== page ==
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Opera Lafayette Celebrates Beethoven's 250th Birthday With Modern Debut Of Their Restoration Of His Only Opera, "Leonore"

Lee Fryd

Ryan Brown and Michael Fennelly. (Photo: John Sanderson/Anniewatt.com)

In the first floor parlor of a late 19th Upper West Side, restored-to-period brownstone, a small group of art aficionados listened as Opera Lafayette's Artistic Director Ryan Brown presented highlights from Ludwig van Beethoven's only opera. Brown fleshed out the scenes of a wife in men's garb sneaking into a prison to find her wrongly incarcerated spouse. Then, he conducted pianist Michael Fennelly to take on the roles of the four Chamber music instruments. Tenor John-Michel Richer sang the husband's aria and musicologist/musician Will Crutchfield explained how he had recreated its lost components. As the music wafted over us, we looked around the wood paneled room. Gazing up, a stunning theatrical chandelier made us muse there was a Phantom below. Around us were period paintings and drawings of original opera stars and sets. It was a New York moment, but we could have been in Vienna, where more celebrations of the 250th anniversary of Beethoven's birth are taking place, that some in the room will fly to attend.

Restoration of art to its original grandeur was a key note of the afternoon. Opera Lafayette restores productions to the way their composers envisioned them. Not only was the missing aria reimagined, for "Leonore," the original version of Beethoven's only opera, "Fidelio," but the company performs with original period instruments. Because, Artistic Director Ryan Corrick Brown explained, the sound is truly different. He compared it to first time they washed the ceiling of the Sistine Chapel: "They discovered, 'Oh my God, all those colors are really bright and contrasting, not dusty and homogenous!' That's what we're after. For instance, when a modern horn plays a scale, it plays it evenly, so the tones on each note are similar. But when a horn plays on a valveless instrument, such as was used in that day and age, the color from one note of the scale to the next changes and it will have very different sound."

"Leonore" is the centerpiece of Opera Lafayette's 25th anniversary season, with performances on Wednesday, February 26, 2020, 7:00 p.m. at The Kennedy Center, Eisenhower Theater in Washington, DC and Monday, March 2, 2020, 7:00 p.m. at The Kaye Playhouse at Hunter College in New York City. Opera Lafayette is renowned for its performances of both lost masterworks, once popular and culturally significant to the history of the 17th through 19th centuries, and early opera that is already part of the modern canon. Preparations include robust research to present the operas as originally conceived and staging that illuminates the music's original appeal and the way it speaks to the modern world. "Leonore," for example, has a female heroine.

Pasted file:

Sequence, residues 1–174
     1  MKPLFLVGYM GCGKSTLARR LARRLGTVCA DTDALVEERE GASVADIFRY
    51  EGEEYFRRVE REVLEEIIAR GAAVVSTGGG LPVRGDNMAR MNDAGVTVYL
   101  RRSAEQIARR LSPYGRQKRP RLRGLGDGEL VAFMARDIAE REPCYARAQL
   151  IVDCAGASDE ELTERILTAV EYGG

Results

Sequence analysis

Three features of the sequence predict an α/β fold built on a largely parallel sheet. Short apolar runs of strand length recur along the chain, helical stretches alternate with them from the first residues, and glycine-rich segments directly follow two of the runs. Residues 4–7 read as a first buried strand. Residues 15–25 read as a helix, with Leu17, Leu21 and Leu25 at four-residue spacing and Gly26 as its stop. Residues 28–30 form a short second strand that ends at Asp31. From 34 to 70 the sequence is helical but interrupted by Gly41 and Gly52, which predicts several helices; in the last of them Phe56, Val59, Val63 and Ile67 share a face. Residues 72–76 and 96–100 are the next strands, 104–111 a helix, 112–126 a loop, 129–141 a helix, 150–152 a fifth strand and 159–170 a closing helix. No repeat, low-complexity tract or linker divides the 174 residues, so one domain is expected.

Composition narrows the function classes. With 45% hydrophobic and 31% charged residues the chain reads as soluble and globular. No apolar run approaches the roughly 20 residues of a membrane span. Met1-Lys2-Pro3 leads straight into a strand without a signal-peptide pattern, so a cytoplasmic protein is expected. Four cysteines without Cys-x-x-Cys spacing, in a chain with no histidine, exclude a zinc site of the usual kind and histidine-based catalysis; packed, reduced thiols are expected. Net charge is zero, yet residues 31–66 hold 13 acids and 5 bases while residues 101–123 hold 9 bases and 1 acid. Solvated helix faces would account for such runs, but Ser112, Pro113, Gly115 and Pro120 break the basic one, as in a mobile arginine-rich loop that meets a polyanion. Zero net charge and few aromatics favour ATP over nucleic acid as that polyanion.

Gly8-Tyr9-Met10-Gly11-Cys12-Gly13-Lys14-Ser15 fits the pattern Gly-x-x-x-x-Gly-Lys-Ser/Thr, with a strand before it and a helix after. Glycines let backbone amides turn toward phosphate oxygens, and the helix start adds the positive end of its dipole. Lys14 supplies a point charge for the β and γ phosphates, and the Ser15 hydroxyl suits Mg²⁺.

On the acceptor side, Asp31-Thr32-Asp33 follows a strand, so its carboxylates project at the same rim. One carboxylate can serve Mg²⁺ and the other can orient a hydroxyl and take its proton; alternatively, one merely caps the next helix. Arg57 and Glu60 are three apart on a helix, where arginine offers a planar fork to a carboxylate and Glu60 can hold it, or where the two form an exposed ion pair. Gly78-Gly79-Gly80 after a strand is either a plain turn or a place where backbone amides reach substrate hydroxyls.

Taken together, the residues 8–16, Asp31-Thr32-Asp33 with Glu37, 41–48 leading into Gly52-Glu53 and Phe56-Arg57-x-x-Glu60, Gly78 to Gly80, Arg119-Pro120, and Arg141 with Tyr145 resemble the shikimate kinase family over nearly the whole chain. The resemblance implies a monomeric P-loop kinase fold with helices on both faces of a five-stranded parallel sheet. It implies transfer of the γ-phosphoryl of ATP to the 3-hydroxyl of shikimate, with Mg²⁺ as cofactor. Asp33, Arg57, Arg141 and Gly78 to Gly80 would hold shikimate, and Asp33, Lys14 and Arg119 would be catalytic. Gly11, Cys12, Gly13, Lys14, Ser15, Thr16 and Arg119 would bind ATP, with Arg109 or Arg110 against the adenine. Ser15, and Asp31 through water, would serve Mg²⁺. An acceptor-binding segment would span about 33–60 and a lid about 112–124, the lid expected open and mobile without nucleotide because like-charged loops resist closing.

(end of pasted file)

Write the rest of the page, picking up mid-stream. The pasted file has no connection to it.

"On this 250 anniversary," said Brown, "we are exploring not only why Beethoven is relevant today but whether there is something new to say about him. Most think of Beethoven as the first romantic and in terms of the 19th Century, but the guy was born in 1770. And it's interesting for us to see how those composers who lived and worked before and after the French revolution (in the late 18th Century) were influenced by it. So this is our attempt to look at it from the point of view of someone who worked before the French Revolution, lived through the period and responded to it."

Written in 1805, "Leonore," was emblematic of the rescue opera form, which, Brown told us, became very popular before and after the Revolution. "This is a reaction to some of its worst excesses: of the terror, of people imprisoned or worse for, generally speaking, not what they did, so much as what they might have thought, that rings true for a lot of people in a lot of periods," Brown continued. "Going along with that is figuring out what people felt back then, rather than putting them in the context of later history. Part of that is playing on period instruments, to know what they heard. They also performed in smaller halls, so it was a more intimate and immediate experience than it often is in the modern opera house. We're trying to replicate those things."

At the March 2, NYC performance, Soprano Nathalie Paulin returns to Opera Lafayette in the title role, bass-baritone Matthew Scollin makes his debut as Pizarro, Stephen Hegedus makes his company debut as Rocco, and the rest of the cast reprise their roles from Opera Lafayette's 2017 production of "Gaveaux's Léonore, ou L'Amour" conjugal. Director Oriol Tomas and costume and set designer Laurence Mongeau elaborate upon their work in that production, with new lighting by Rob Siler.

For more information, visit operalafayette.org.


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